Butterfly Kiss (1995)
★ / ★★★★
Eunice (Amanda Plummer) goes into petrol stations and tells the receptionists she is looking for a record. She cannot remember the title of the song so she hums it. After getting a response, she proceeds to ask if the person she is speaking with is named Judith. When her guess is incorrect, Eunice gets upset and kills the woman before her. When the disturbed Eunice encounters Miriam (Saskia Reeves), the outcome is different. Miriam takes her home for the night, they sleep together, and they eventually embark on a cross-country road trip.
Halfway through “Butterfly Kiss,” directed by Michael Winterbottom, I began to wonder if the picture was doing anything for me. Is it supposed to be a drama about a killer and her accomplice? A love story between two women? A dark comedy about lust, how it blinds, and how it renders the inflicted incapable of being tethered to her morality? Is it a portrait of two fractured minds meeting, melding, and fracturing? It could be any one, a combination of a few, or all of these things. I just did not care.
Events unfold for the sake of the plot but the film is photographed flatly. There is an umbrage that follows the two characters which grow increasingly monotonous. It does not flinch when the central characters go through emotions such as joy, anger, confusion, or heartbreak. The minds of Miriam and Eunice are obviously detached from reality but it does not mean our relationship with the film ought to be disconnected, too.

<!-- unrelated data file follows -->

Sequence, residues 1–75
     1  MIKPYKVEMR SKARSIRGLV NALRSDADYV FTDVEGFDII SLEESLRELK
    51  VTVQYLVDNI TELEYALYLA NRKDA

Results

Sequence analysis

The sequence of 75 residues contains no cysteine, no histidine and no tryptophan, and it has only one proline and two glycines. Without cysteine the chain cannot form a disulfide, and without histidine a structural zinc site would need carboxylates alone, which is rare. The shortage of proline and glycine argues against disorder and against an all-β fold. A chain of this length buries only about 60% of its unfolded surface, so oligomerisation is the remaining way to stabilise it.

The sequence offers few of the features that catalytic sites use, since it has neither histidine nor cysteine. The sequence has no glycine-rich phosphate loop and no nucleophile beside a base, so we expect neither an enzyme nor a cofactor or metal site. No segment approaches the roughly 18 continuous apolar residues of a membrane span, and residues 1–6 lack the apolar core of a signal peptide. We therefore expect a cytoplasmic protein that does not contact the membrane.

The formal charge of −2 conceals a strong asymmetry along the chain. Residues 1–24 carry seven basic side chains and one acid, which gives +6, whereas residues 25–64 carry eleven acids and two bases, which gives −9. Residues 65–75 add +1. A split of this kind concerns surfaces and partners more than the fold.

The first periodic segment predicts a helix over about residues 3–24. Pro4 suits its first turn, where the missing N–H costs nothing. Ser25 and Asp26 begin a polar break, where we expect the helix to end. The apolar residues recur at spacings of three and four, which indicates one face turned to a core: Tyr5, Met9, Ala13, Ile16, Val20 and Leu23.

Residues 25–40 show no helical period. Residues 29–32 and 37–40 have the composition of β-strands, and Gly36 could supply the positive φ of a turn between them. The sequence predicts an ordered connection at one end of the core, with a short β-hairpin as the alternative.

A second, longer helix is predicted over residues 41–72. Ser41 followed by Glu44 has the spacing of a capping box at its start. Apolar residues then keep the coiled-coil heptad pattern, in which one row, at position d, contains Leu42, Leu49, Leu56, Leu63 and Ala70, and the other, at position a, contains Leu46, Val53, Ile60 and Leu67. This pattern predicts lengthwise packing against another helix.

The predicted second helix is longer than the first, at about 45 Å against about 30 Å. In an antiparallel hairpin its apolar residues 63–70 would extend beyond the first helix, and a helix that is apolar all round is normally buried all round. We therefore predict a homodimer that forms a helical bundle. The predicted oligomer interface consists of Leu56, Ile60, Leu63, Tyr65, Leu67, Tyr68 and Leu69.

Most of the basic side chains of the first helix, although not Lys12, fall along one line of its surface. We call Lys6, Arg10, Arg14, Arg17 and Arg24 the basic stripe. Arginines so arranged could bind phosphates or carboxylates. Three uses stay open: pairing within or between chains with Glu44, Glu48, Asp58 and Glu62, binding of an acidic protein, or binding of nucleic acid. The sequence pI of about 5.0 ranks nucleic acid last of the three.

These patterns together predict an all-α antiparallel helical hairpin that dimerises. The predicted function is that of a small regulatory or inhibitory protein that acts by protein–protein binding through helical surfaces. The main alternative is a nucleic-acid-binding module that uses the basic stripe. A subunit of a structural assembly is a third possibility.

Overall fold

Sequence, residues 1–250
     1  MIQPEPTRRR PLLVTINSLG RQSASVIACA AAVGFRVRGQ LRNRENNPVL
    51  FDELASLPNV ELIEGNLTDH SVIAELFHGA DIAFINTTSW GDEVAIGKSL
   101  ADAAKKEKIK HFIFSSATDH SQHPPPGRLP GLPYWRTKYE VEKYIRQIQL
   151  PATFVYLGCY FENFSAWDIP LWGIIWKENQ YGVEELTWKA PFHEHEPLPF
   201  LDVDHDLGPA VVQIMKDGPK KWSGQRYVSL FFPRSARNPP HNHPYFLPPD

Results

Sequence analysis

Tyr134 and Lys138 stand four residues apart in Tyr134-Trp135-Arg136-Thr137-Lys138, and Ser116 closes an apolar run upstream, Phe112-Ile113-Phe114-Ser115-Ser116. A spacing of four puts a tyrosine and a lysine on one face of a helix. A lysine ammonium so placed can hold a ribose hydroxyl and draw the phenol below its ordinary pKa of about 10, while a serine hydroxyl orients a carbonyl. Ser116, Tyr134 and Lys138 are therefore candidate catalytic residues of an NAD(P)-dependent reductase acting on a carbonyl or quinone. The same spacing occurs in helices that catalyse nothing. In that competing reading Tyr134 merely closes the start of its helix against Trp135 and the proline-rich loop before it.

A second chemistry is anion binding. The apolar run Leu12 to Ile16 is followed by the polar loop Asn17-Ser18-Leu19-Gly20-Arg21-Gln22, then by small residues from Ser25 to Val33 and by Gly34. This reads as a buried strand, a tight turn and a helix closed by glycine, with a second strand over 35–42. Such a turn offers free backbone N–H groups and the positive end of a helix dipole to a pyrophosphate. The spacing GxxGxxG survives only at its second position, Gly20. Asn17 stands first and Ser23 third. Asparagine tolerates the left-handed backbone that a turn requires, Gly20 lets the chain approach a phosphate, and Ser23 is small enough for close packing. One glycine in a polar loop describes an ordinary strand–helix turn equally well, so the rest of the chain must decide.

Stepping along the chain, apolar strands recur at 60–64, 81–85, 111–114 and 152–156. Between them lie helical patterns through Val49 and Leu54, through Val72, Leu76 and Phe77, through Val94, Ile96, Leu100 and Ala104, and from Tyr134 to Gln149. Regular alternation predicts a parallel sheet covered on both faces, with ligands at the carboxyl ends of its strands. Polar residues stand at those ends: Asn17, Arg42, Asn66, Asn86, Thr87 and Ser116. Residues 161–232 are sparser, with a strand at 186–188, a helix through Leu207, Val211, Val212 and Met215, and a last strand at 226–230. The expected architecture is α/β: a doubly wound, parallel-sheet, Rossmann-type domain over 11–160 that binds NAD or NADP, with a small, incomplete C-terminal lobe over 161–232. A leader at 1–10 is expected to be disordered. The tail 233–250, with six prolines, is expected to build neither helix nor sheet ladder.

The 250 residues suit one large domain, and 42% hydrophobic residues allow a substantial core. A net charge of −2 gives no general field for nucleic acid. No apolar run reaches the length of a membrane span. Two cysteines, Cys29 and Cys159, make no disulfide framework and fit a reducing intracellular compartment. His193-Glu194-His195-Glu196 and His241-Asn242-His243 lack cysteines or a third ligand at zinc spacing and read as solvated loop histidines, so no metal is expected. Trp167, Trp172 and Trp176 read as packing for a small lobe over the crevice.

The so-called build-up to the shocking kills are formulaic. A new face is introduced. There is a bit of tête-à-tête as words of flattery are thrown in the air. After a stranger engages with Eunice, the countdown begins. We are reduced to waiting for someone to deliver the fatal blow or a person entering the next scene with blood on her clothing. After the third kill, we know that no one will bother to do the right thing.
Miriam speaking to directly to camera, shot in black-and-white, is sandwiched between the gruesome murders and the couple arguing about trust. Her confessions are not revelatory or mesmerizing. They do not provide insight to her actions or inaction. She claims that she sees a goodness in Eunice but where is the goodness in leaving a trail of bodies from one pitstop to another? Eventually, it begins to feel like a bunch of irrational rambling.
If there is one thing that is undeniably strong in “Butterfly Kiss,” written by Frank Cottrell Boyce, it is Plummer’s performance. She demands attention because, through her body language, she is able to construct a reality where Eunice is capable of anything. She is not afraid of rules or repercussions. Every line delivery has a fiery swagger that threatens to turn into a wildfire. Her eyes are razor sharp, willing to tear someone into shreds with a blink. It is unfortunate that the film is an interminable bore because Eunice is a specimen worthy of assessment under a different set of lights.